#ThrowbackThursday – 15 April
From a tragic sinking to a much-needed shearing, take a look at these five memorable events that went down in history on 15 April:
1612 – Booking an Escape
After three years’ life imprisonment at Loevestein Castle for his involvement in religious and state disputes of the Dutch Republic, a legal scholar named Hugo Grotius escaped to Paris, France … albeit in quite an unusual, daring way.
Crammed into a book chest brought in by his wife and his maidservant, Grotius hid inside it. With the help of the prison’s oblivious guards, the chest was carried from the castle onto a ship destined for Gorinchem, South Holland. From there, its sole occupant crossed the border into France.
On 15 April, Grotius arrived in Paris as a free man. There, he spent the next 20 years writing philosophical books. As for the book chest, two Dutch museums claim to have the original in their possession.
1912 – The Sinking of the “Titanic”
At precisely 2:20AM on Monday morning, the RMS “Titanic” sunk into the frigid waters of the North Atlantic Ocean, nearly three hours after it struck an iceberg.
Dubbed “the unsinkable ship” by the media, the British passenger liner embarked on her maiden voyage from Southampton, England, to New York City in the United States of America. Alas, “Titanic” would never arrive.
After hitting the iceberg, water began flooding her forward six compartments, thus dooming her to her watery fate. Of the estimated 2 224 souls aboard the ship, approximately 1 514 died in the sinking. Only 713 people, consisting of passengers and crewmen, survived the tragic ordeal.
1989 – The Hillsborough Stadium Disaster
What was supposed to be an exciting soccer game turned into a nightmare, when 96 people lost their lives and hundreds of others were injured during a stampede.
In a bid to avoid acts of hooliganism, the FA Cup semi-final between Nottingham Forest and Liverpool saw thousands of their fans having to enter Hillsborough Stadium through different entrances. However, this led to an overcrowding of Liverpool fans in the Leppings Lane end of the building.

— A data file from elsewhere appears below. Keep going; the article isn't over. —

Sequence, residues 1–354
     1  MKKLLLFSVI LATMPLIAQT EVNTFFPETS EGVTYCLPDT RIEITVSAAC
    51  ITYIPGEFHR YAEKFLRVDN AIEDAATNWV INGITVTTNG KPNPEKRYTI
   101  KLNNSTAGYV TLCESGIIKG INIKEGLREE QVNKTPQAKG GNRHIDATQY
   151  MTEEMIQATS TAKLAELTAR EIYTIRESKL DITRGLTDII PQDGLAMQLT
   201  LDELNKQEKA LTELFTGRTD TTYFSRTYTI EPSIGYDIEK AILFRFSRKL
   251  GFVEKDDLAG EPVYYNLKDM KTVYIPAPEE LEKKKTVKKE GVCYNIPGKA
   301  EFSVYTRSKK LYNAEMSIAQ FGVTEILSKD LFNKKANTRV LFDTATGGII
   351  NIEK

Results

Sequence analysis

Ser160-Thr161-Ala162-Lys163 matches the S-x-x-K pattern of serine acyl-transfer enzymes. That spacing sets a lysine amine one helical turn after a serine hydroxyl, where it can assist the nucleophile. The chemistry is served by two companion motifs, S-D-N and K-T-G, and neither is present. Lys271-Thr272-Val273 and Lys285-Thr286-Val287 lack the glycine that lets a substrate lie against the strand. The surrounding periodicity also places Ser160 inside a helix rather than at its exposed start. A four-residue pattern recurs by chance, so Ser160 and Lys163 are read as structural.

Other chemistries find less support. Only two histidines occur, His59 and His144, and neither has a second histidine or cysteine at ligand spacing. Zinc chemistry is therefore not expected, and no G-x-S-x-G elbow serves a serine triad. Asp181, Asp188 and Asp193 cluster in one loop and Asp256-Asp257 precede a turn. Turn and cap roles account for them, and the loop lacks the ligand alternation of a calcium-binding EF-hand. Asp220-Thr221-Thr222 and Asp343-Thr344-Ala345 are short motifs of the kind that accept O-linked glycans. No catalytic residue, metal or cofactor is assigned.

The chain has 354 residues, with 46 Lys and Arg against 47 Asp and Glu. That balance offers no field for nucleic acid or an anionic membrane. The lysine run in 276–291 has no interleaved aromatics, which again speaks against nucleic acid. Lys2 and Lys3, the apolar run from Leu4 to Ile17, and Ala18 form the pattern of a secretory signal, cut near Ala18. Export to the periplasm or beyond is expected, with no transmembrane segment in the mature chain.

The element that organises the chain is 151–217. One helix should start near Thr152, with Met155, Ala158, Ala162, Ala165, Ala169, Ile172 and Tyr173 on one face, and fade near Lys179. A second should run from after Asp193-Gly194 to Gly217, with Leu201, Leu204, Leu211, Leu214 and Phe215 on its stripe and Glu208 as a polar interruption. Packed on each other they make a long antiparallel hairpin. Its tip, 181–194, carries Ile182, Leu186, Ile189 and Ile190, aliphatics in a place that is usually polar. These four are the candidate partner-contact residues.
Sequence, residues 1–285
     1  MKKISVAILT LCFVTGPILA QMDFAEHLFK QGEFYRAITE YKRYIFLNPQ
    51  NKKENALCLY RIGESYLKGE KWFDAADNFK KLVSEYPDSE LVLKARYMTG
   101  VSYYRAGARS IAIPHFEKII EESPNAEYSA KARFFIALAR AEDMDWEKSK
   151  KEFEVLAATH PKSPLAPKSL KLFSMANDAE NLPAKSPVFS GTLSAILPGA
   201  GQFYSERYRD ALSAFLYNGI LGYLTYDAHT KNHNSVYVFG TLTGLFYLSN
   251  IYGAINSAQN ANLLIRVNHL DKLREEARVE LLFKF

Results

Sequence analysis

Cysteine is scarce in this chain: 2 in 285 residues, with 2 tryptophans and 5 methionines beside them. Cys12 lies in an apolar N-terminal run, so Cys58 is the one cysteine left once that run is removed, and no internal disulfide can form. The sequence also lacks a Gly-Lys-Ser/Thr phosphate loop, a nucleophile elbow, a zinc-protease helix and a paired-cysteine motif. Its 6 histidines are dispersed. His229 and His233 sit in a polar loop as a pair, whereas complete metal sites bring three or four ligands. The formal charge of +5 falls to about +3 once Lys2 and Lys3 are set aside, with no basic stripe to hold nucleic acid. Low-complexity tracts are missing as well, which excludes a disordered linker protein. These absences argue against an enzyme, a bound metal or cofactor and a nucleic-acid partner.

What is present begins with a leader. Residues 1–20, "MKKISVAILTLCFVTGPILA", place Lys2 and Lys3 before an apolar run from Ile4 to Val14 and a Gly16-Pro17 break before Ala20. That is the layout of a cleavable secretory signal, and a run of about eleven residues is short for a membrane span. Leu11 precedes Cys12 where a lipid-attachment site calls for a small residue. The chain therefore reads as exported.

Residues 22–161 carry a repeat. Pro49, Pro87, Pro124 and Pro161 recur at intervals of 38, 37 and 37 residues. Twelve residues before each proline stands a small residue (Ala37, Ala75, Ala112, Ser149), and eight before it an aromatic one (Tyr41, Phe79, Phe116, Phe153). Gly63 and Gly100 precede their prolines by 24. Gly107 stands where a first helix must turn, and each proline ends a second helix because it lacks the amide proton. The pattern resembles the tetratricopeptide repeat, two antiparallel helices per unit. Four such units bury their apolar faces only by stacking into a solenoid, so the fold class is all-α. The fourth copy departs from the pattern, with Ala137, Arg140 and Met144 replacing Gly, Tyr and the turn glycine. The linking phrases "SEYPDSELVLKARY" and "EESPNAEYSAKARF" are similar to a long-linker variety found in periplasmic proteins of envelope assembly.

As a result, Liverpool fans who were already in the stand were pushed from behind, leading to their being crushed against the safety fences. To this day, no one has ever been charged for the deaths that occurred, despite attempts from the aggrieved families to seek justice.
2004 – The Shearing of Shrek
For six years, a merino sheep had been on the run after escaping from his enclosure in New Zealand’s Otago region.
In 2004, the sheep’s luck ran out, for he was discovered in a cave in Tarras. He was called “Shrek”, because his fleece had grown to gargantuan proportions – in fact, it weighed 27 kilograms!
Shrek was sheared on national television 17 days later, and soon became an icon in his home country. He passed away at the venerable age of 16 in 2011.
2010 – Icelandic Ash Cloud Darkens Europe
Starting from 15 April, the airspace over Europe was closed following the eruption of a volcano in Iceland’s Eyjafjallajokull ice cap the day before.
Volcanic ash clouds that spewed into the air quickly spread over northern Europe, forcing the closure of its airspace. As a result, flights into and out of the continent were suspended, thus affecting at least 10 million travellers.
Come 20 April, these suspensions were lifted as the clouds became less dense. It was only a month later that the eruption finally subsided, and the clouds were no longer being produced.